The LBO Crowd Offers London a Piece of the Action

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Call it recycling buyout-style. The private equity industry has been coaxing investors to cash out of U.K. stocks in a frenzied shopping spree on the London market this year. Now it’s asking them to put money back in via a rare initial public offering of a leveraged buyout firm. The carrot is the chance to earn a cut of the huge fees garnered by this voracious part of the finance sector.

London-based Bridgepoint Group wants to join a small coterie of listed peers dominated by U.S. firms such as Blackstone Group Inc. and KKR & Co. An IPO will provide capital to develop new strategies and a partial, but lucrative, exit for its partners. For stock market investors, buying into the firm, rather than its funds, has obvious attractions. Pension plans are shunting more assets to buyout vehicles that tie up their money for five to ten years or more. The resulting asset management fees are generous and predictable. Potential performance fees are the cherry on top.

A gauge of how much investors value this combination of durability and growth can be found in the punchy 48 times forward price-earnings ratio of Sweden’s EQT AB. With considerably less scale and diversification, Bridgepoint should not expect to match that. The firm aspires to add a third leg to its existing private equity and credit funds, most likely in infrastructure or real estate. As of today, it’s not clear why investors should ascribe it a premium to the 20 times multiple commanded on average by U.S. peers and London-based private-credit specialist Intermediate Capital Group Plc.

The LBO Crowd Offers London a Piece of the Action

The trickier job is guessing the earnings trajectory. Bridgepoint’s fee-earning assets are 18 billion euros ($21 billion). Its current flagship fund raised 5.8 billion euros in late 2017. Given recent trends, it’s plausible, but far from guaranteed, the next fund that’s about to be marketed could be larger.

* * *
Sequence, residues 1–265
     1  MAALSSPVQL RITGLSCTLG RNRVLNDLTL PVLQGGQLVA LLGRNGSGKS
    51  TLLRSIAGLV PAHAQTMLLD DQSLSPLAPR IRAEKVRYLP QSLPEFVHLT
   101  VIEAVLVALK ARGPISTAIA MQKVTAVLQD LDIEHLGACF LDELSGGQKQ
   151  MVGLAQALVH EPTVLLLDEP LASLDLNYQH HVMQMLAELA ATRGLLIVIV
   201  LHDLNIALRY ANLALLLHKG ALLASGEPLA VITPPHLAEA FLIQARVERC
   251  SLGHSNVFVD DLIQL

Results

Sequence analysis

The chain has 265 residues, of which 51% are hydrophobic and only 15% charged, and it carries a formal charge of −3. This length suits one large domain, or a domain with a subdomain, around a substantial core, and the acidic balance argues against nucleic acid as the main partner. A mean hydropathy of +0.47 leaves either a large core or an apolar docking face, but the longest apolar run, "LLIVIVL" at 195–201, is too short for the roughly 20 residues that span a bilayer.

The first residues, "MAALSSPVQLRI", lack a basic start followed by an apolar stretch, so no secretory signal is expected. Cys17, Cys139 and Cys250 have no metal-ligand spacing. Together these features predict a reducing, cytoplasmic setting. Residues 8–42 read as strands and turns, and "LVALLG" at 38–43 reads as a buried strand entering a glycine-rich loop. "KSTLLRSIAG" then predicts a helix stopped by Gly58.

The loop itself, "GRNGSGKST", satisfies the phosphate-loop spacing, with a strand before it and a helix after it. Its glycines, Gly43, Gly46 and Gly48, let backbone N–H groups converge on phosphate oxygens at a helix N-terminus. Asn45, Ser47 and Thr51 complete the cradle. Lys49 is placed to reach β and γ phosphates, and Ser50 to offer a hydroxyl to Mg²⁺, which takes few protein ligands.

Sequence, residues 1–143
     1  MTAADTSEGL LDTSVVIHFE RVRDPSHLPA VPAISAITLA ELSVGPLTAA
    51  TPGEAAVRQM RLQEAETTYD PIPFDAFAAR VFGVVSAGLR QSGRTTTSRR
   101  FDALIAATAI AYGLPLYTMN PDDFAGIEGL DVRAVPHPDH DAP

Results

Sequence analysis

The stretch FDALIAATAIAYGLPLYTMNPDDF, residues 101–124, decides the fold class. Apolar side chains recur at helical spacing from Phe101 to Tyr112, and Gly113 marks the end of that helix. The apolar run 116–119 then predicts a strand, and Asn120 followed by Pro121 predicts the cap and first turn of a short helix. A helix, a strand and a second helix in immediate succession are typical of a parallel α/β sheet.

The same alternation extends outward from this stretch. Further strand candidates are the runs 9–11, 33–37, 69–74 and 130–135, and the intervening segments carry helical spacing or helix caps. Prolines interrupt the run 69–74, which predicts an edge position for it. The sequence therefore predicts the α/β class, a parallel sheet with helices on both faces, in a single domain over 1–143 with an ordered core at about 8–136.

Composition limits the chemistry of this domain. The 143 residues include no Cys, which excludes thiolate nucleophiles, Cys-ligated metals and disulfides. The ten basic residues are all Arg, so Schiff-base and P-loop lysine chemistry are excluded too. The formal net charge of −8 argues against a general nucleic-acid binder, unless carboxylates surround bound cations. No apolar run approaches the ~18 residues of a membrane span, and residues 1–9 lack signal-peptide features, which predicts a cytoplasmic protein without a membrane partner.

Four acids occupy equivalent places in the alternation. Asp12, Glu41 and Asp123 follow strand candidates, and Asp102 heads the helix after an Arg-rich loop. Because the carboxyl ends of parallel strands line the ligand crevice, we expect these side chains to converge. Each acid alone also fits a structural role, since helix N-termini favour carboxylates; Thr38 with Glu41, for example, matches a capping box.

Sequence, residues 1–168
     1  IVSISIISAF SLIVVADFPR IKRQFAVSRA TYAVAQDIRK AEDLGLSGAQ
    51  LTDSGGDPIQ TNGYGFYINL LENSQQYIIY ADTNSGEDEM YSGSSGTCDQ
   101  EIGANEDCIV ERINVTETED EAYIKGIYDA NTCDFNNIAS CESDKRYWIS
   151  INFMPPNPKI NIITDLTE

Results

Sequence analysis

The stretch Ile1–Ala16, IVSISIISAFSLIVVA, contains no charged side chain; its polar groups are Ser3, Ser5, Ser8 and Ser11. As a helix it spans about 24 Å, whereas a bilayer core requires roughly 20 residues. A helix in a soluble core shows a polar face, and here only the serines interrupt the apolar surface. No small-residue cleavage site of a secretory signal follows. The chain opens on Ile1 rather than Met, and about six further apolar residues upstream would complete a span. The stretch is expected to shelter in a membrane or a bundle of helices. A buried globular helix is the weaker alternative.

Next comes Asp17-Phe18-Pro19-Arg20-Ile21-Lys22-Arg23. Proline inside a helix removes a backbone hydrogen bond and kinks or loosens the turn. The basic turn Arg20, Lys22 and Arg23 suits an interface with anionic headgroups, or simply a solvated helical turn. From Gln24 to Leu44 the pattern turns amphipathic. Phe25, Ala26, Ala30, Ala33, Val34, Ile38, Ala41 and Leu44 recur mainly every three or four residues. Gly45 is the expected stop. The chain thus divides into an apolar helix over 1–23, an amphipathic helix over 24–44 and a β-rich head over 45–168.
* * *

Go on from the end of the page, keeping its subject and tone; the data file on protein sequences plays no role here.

Assuming this and other smaller fund launches are successful, fee-earning assets could be 50% higher in time. Management fee income would then be around 290 million pounds ($402 million) scaling up the current quarterly run-rate. Performance fees could add another 70 million pounds if Bridgepoint delivers on its guidance. On a slightly improved profit margin, combined with minimal finance, tax and other charges, net income might grow to 150 million pounds. That would then support a 3 billion-pound market value.

But it’s not clear how long it will take to get there. Say not till 2023, and apply a further IPO discount, and a roughly 2.3 billion-pound equity value (including the 300 million pounds Bridgepoint plans to raise) would be more reasonable today. Investors need to decide just how much of the future potential is in bag.

The longer-term outlook is clouded too. Listed buyout firms face pressure from shareholders to grow assets, expand their offering and earn yet more annuity-like management fees. The risk is that supersedes delivering returns for those who actually put money into the funds. In the end, poor buyout performance would stop the fundraising juggernaut. If Bridgepoint gets a warm stock-market reception, it shouldn’t forget who it really exists to serve.

This column does not necessarily reflect the opinion of the editorial board or Bloomberg LP and its owners.

Chris Hughes is a Bloomberg Opinion columnist covering deals. He previously worked for Reuters Breakingviews, as well as the Financial Times and the Independent newspaper.

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